For the foregoing reasons, the Panel finds that paragraph 4(a)(i) of the Policy has been satisfied.
B. Rights or Legitimate Interests
Complainant has established its rights in the AAA Marks for, among other things, automobile related products and services that overlap those that Respondent provides on its website. It is uncontested that Complainant has not licensed or otherwise authorized Respondent to use its AAA Marks or AAA Domains in connection with Respondent’s business or as part of the Domain Name. Insofar as Complainant has made a prima facie showing that Respondent lacks rights to the Domain Name (Spencer Douglass, MGA v. Bail Yes Bonding, WIPO Case No. D2004-0261 (June 1, 2004)), this shifts the burden to Respondent to show by concrete evidence that it has rights or legitimate interests in the Domain Name. See, e.g,. Document Technologies, Inc. v. International Electronic Communications, Inc., WIPO Case No. D2000-0270 (June 6, 2000). Pursuant to paragraph 4(c) of the Policy, Respondent may satisfy its burden by demonstrating any of the following: (i) before any notice of the dispute, Respondent’s use of, or demonstrable preparations to use, the domain name or a name corresponding to the domain name in connection with a bona fide offering of goods or services; or (ii) Respondent (as an individual, business, or other organization) has been commonly known by the domain name, even if it has acquired no trademark or service mark rights; or (iii) Respondent is making a legitimate noncommercial or fair use of the domain name, without intent for commercial gain to misleadingly divert consumers or to tarnish the trademark or service mark at issue.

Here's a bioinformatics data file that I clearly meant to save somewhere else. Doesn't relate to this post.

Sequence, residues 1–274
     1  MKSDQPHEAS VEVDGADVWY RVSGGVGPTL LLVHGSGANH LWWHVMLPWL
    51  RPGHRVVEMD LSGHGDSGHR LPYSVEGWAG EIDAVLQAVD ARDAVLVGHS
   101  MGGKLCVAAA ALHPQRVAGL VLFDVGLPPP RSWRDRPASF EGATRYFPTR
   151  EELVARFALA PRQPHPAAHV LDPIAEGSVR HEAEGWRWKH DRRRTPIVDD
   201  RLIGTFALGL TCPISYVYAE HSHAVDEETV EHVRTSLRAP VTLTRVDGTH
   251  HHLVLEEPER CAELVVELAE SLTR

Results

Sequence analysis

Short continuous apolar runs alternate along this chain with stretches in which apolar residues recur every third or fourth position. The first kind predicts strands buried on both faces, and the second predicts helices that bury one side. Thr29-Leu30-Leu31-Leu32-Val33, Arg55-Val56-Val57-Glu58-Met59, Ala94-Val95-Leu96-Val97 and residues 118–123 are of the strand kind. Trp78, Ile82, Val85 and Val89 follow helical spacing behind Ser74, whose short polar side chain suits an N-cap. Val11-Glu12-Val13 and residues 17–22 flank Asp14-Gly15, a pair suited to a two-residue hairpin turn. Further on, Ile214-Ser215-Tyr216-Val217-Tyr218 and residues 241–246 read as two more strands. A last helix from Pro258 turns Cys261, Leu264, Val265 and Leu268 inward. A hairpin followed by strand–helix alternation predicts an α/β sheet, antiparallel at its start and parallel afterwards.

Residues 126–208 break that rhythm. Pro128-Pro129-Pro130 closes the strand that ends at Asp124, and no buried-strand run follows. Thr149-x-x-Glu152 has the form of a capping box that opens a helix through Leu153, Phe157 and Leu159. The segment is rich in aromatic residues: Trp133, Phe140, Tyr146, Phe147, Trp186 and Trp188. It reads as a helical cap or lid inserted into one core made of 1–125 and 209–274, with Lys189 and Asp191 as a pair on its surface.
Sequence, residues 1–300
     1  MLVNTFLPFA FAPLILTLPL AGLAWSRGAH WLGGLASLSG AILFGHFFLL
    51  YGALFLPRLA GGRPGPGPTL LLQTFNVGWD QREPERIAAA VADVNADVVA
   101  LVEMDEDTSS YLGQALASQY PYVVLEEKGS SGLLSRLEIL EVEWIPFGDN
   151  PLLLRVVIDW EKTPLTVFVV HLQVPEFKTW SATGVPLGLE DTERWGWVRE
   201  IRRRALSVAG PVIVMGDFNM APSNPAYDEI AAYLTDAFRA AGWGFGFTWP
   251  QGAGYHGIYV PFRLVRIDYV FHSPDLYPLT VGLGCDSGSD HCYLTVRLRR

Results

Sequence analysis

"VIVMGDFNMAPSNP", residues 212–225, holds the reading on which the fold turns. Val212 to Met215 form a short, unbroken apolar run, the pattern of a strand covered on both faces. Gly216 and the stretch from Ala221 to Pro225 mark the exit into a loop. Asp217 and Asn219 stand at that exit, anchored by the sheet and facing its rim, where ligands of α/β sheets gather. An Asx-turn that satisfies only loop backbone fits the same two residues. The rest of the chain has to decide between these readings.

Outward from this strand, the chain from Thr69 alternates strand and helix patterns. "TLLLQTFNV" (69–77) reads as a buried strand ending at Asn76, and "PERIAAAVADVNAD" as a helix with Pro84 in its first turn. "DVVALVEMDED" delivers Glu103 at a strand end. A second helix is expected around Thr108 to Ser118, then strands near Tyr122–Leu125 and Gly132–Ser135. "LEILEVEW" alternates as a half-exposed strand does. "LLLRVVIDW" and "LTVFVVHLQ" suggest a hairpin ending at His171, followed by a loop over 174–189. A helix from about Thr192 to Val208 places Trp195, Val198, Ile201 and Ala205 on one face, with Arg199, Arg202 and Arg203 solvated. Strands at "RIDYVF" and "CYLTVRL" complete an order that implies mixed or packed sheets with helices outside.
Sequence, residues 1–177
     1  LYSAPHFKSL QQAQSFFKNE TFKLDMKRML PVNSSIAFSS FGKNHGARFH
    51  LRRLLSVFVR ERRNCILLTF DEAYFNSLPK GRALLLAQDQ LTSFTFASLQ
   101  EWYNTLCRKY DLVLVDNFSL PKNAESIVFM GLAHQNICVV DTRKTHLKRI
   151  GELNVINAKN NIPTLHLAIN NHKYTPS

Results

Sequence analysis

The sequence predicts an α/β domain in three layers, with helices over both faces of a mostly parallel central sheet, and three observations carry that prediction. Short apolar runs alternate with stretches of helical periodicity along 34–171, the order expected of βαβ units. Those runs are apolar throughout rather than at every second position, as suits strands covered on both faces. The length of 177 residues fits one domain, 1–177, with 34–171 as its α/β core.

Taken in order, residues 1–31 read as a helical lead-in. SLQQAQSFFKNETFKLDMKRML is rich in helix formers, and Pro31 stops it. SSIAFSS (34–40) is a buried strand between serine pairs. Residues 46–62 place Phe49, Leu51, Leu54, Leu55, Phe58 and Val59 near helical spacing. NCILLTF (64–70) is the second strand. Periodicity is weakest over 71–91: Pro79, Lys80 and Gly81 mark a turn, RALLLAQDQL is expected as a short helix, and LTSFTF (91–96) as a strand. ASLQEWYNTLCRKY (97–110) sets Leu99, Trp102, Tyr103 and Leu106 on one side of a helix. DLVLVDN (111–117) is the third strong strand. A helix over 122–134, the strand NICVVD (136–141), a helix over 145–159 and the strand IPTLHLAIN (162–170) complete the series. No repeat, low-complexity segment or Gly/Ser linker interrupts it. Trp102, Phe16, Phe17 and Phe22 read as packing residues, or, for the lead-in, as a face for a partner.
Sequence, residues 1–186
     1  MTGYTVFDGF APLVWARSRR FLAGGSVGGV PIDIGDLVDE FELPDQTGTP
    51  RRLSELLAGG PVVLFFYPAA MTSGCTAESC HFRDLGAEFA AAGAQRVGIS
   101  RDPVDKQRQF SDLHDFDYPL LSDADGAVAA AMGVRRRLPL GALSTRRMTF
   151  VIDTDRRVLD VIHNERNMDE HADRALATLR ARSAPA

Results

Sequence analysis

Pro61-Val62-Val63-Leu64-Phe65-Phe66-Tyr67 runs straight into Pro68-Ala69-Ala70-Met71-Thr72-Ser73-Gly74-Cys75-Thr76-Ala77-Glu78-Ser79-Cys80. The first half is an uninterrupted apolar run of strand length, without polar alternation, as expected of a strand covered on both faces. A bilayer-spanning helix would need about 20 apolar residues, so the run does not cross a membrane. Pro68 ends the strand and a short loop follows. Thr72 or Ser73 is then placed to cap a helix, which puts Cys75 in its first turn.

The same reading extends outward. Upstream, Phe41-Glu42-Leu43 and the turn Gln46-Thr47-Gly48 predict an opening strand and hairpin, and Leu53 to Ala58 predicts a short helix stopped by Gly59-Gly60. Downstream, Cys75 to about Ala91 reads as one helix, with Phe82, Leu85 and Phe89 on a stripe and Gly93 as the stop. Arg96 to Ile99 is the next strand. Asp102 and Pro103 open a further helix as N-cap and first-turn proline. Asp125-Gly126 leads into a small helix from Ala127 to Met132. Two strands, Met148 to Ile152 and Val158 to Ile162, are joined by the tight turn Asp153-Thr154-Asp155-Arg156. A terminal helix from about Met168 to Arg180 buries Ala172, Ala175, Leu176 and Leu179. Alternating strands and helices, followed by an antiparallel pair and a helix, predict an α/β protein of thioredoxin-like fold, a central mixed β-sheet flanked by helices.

Respondent has provided no evidence to carry its burden. For example, there is no evidence that Respondent has been commonly known by the Domain Name. Rather, it is undisputed that Complainant adopted and used the AAA Marks and AAA Domains long before Respondent registered the Domain Name. Furthermore, the evidence strongly suggests that by using a domain name that is confusingly similar to Complainant’s AAA Marks and AAA Domains to sell services that overlap with those of Complainant, Respondent is not making a legitimate or fair use of the Domain Name without the intent to gain a commercial benefit and to divert customers from a competitor. Spencer Douglass, MGA v. Bail Yes Bonding, WIPO Case No. D2004-0261 (June 1, 2004); see also, Household International, Inc. v. Cyntom Enterprises, NAF Case No. FA0010000095784 (holding that Respondent could not have any legitimate interest in the domain name at issue where “[t]he only inference is that he knew perfectly well that he would create confusion, or was willfully blind to this fact”). It also appears that Respondent earns money from click-throughs to third parties and pop-up advertisements. The use of pop-up advertisements has been found to constitute commercial activity. See, e.g., Southern Commc’ns Svcs., Inc. d/b/a Southern LINC v. Henry Chan, WIPO Case No. D2004-0214 (May 10, 2004).
For the foregoing reasons, the Panel finds that Policy, paragraph 4(a)(ii) has been satisfied.
C. Registered and Used in Bad Faith
Paragraph 4(b) of the Policy states nonexclusive circumstances which, if found, shall be evidence of the registration and use of the domain name in bad faith:
(i) circumstances indicating that you have registered or you have acquired the domain name primarily for the purpose of selling, renting, or otherwise transferring the domain name registration to the Complainant who is the owner of the trademark or service mark or to a competitor of the Complainant, for valuable consideration in excess of your documented out-of-pocket costs directly related to the domain name; or